CGA Presents the First Mulcahy Award for Excellence in Customer Care, Innovation and Service to SaskEnergy Inc.
June 11, 2019 (Ottawa, ON) - The Canadian Gas Association (CGA) is pleased to present SaskEnergy Inc. with the first ever Michael Mulcahy Award for Excellence in Customer Care, Innovation and Service. The award was presented by CGA President and CEO Timothy Egan at CGA’s Gas Measurement and Regulation School in Whistler, BC to Randy Greggains, Vice President, Operations, SaskEnergy, representing SaskEnergy’s Customer Connect Team, for their Constellation Initiative.
The Mulcahy Award was created in memory of Michael Mulcahy, former President and CEO of FortisBC and former Chair of the Canadian Gas Association. It recognizes significant achievement by members of the natural gas delivery industry in the area of innovation and service to natural gas users/customers.
SaskEnergy’s Constellation Initiative is being recognized for driving a significant process improvement project to enhance customer care efficiencies. The company undertook a structured process improvement and organizational change management multi-step approach which resulted in simplified internal processes, improved efficiencies, and greater internal consistency, ultimately leading to an enhanced customer experience and satisfaction.
CGA congratulates SaskEnergy and all other nominees for their continuous work to raise their overall standard of customer care and improve customer satisfaction.
“Apart from Michael Mulcahy’s many personal attributes and leadership skills, he stood out in the utility industry for his constant focus on the customer. To Mike, all our efforts were to be measured on the basis of how they served the customer’s needs. We are delighted therefore to have established this particular award in his honour. On behalf of the Canadian Gas Association, I want to congratulate SaskEnergy for being the inaugural recipient, and for their ongoing commitment to maintaining the highest standards of customer care. . Canadian natural gas utilities are dedicated to providing safe, affordable, reliable, and environmentally responsible energy to all its customers.”
Timothy M. Egan President and CEO Canadian Gas Association
About the Mulcahy Award The Mulcahy Award was created in memory of Michael Mulcahy, former President and CEO of FortisBC and former Chair of the Canadian Gas Association. It recognizes significant achievement (over and above everyday activities) by members of the natural gas delivery industry in the area of innovation and service to natural gas users/customers. The award also serves to help guide other CGA member utilities on their journey to excellent and innovative customer service. Through participation in the Mulcahy Award process, all will benefit from exposure to the efforts of others in the industry, thereby raising its overall standard of customer care – a huge priority for Michael Mulcahy in his many years of service to customers in the industry.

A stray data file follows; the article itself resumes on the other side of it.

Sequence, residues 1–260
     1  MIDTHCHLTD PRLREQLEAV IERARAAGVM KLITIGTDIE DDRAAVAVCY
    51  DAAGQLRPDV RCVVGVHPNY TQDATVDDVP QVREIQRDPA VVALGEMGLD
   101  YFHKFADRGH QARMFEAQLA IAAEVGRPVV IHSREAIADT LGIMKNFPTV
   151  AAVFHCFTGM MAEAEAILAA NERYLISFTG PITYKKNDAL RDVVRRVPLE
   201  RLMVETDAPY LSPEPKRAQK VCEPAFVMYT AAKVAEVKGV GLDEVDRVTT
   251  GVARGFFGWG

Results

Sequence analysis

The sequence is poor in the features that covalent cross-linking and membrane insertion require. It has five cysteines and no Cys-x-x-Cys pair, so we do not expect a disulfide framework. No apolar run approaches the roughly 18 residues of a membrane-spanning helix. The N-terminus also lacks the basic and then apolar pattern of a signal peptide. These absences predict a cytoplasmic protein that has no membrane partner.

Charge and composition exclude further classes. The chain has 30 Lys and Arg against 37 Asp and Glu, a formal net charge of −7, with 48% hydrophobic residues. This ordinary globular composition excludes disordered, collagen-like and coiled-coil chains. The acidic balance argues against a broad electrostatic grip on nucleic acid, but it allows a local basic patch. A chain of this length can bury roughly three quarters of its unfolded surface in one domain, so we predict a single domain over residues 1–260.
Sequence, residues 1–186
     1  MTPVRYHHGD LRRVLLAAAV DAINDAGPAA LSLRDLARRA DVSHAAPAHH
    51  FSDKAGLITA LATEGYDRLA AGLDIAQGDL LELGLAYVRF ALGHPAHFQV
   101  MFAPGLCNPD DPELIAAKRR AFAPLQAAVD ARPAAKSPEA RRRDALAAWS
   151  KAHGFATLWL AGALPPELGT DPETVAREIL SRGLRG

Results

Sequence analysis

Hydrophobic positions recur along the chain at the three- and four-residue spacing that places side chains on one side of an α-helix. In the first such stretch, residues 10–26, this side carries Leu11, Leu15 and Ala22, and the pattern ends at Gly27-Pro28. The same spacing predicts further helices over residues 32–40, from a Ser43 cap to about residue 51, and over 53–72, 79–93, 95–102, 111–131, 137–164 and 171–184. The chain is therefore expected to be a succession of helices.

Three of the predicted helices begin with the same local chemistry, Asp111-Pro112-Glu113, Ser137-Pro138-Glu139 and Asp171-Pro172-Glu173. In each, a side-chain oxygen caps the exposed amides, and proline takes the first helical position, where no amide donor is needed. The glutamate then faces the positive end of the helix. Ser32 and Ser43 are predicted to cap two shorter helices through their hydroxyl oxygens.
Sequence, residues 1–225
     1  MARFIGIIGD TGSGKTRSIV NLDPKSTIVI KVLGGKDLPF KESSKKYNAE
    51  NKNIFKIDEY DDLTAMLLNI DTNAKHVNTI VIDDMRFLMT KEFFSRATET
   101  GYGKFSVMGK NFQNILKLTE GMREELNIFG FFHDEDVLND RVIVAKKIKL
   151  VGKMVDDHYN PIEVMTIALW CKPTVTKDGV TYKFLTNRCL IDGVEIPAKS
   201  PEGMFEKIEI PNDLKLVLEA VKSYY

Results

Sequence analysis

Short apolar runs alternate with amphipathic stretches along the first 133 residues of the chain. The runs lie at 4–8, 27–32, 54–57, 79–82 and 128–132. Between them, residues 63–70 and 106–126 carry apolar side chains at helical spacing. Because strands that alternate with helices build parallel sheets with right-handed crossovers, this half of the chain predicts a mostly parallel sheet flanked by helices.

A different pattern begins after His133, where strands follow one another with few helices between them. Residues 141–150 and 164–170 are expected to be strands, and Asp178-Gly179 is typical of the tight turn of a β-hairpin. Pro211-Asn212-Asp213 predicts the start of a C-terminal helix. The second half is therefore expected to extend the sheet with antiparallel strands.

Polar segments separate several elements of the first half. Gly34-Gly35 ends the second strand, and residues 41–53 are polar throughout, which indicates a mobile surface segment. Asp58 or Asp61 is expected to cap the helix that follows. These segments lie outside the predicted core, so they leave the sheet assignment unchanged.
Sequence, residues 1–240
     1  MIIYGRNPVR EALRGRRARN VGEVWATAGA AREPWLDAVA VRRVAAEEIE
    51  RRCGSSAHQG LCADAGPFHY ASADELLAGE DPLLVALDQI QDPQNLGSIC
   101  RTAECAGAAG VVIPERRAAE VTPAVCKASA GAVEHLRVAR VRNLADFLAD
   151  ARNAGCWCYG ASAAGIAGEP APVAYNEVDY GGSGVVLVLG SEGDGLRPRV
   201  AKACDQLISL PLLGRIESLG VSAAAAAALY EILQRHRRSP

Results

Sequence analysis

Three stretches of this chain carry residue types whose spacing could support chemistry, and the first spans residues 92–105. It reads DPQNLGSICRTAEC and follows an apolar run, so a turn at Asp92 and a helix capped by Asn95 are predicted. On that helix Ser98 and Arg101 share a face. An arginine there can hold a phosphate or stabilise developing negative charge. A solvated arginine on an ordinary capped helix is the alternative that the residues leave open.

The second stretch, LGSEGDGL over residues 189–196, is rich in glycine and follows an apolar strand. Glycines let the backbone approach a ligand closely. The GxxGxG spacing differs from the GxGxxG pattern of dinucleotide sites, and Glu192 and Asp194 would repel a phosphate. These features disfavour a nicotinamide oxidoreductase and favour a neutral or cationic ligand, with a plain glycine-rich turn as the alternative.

About CGA The Canadian Gas Association (CGA) is the voice of Canada’s natural gas distribution industry and its members are distribution companies, transmission companies, equipment manufacturers and other service providers. Natural gas has a central place in Canada’s energy mix meeting 35 per cent of the country’s energy needs. Today, over 7 million customers representing two-thirds of Canadians rely on natural gas for heat and power in homes, apartments, buildings, businesses, hospitals and schools.
For more information contact:
Director, Communications and Social Media
Canadian Gas Association
613-748-0057 x325 or 613-668-1125 [email protected]
Natural Gas Cleantech Profiled at Clean Energy Ministerial-Mission Innovation
May 27, 2019 (Vancouver, BC) The Canadian Gas Association (CGA) and the Natural Gas Innovation Fund (NGIF), along with their respective members and investors, are pleased to participate in the Innovation Showcase at the Clean Energy Ministerial -Mission Innovation (CEM10/MI-4) in Vancouver, BC.
We have officially opened our 600 square foot state-of-the-art facility entitled Cleantech for Canada’s Natural Gas Pavilion to the global community at CEM/MI. Over the course of the event, we will demonstrate how CGA utilities, NGIF producer and utility investors, and cleantech companies with solutions for natural gas are active in clean technology development.